Acoustic Visualization: The Audio Camera

Spherical microphone arrays provide an ability to compute the acoustical intensity corresponding to different spatial directions in a given frame of audio-data. These intensities may be exhibited as an image and these images updated at a high frame rate to achieve a video stream if the data capture and intensity computations can be performed sufficiently quickly, there by creating a frame-rate audio camera. We describe how such a camera can be built in [1,2] and show that the processing can be done sufficiently quickly using graphics processors. The joint processing of captured frame-rate audio and video images enables applications such as visual identification of noise sources, beamforming and noise-suppression in video conferencing and others, provided it is possible to account for the spatial differences in the location of the audio and the video cameras. Based on the recognition that the spherical array can be viewed as a central projection camera it is possible to perform such joint analysis. In this web page we provide sample applications and videos demonstrating the usefulness of the proposed approach.

1) Joint Audio-Video Calibration

2) Vision Guided Beamforming

3) Acoustic image overlay

4) Visualizing the Reverberant Structure of Concert Halls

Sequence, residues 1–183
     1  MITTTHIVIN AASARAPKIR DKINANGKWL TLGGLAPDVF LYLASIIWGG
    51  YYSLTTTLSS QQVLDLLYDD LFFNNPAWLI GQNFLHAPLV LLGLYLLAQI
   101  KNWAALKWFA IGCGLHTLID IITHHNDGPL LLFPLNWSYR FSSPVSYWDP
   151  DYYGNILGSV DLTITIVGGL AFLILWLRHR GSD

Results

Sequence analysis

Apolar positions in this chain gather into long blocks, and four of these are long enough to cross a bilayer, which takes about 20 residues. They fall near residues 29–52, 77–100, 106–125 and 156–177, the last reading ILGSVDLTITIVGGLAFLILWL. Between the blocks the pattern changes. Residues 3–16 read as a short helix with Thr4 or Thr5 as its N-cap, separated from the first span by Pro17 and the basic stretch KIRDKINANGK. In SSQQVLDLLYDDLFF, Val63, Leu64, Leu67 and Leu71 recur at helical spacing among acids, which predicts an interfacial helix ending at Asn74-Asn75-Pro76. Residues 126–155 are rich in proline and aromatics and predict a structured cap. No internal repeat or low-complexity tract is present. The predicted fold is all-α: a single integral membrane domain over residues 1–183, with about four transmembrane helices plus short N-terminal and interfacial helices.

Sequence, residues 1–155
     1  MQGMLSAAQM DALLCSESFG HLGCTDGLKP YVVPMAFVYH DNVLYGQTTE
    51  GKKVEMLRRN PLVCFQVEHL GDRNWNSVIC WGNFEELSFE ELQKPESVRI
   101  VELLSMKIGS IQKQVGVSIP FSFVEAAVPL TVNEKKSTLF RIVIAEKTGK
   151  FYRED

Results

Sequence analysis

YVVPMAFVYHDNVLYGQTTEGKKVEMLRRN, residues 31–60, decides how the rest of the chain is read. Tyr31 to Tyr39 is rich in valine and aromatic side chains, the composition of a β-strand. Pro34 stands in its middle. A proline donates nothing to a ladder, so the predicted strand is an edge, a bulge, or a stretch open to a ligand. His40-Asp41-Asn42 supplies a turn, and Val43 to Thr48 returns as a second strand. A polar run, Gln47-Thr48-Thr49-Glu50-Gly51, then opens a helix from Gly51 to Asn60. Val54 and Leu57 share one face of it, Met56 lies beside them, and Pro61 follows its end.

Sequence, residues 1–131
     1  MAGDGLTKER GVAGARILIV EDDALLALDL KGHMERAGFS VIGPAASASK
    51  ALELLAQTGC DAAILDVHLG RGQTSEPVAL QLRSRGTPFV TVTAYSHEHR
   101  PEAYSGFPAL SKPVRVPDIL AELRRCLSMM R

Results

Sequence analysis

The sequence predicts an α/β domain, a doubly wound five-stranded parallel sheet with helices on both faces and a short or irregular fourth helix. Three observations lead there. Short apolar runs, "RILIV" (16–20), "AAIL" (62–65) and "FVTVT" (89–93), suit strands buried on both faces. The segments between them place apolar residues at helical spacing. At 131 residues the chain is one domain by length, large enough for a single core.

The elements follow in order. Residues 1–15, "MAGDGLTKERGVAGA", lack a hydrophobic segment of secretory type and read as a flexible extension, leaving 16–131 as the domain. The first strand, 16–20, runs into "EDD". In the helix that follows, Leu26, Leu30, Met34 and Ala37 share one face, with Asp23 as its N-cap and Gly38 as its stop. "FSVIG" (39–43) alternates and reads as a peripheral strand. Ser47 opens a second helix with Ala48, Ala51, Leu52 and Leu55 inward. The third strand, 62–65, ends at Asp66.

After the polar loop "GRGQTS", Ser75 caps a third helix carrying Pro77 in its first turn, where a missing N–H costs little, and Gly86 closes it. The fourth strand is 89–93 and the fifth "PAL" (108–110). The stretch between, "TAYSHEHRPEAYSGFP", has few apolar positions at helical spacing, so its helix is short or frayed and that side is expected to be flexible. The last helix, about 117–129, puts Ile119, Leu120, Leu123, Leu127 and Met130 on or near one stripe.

5) Speech Separation

 

For more information see the following papers

[1] Adam O' Donovan, Ramani Duraiswami and Jan Neumann. Microphone Arrays as Generalized Cameras for Integrated Audio Visual Processing, accepted as an oral presentation, IEEE Conference on Computer Vision and Pattern Recognition (CVPR), Minneapolis, 2007 pdf

[2] Adam O'Donovan, Ramani Duraiswami, Nail A. Gumerov, Real Time Capture of Audio Images and Their Use with Video
Proceedings 2007 IEEE Workshop on Applications of Signal Processing to Audio and Acoustics pdf

[3]Adam O’Donovan, Ramani Duraiswami and Dmitry Zotkin. Imaging Concert Hall Acoustics Using Visual and Audio Cameras. Submitted. Submitted 2007 pdf

*We would like to thank Dr. David Luebke of NVidia for the donation of the GPU card used in the real time audio camera. We would also like to thank David Ross of the VA for funding that partially supported these projects.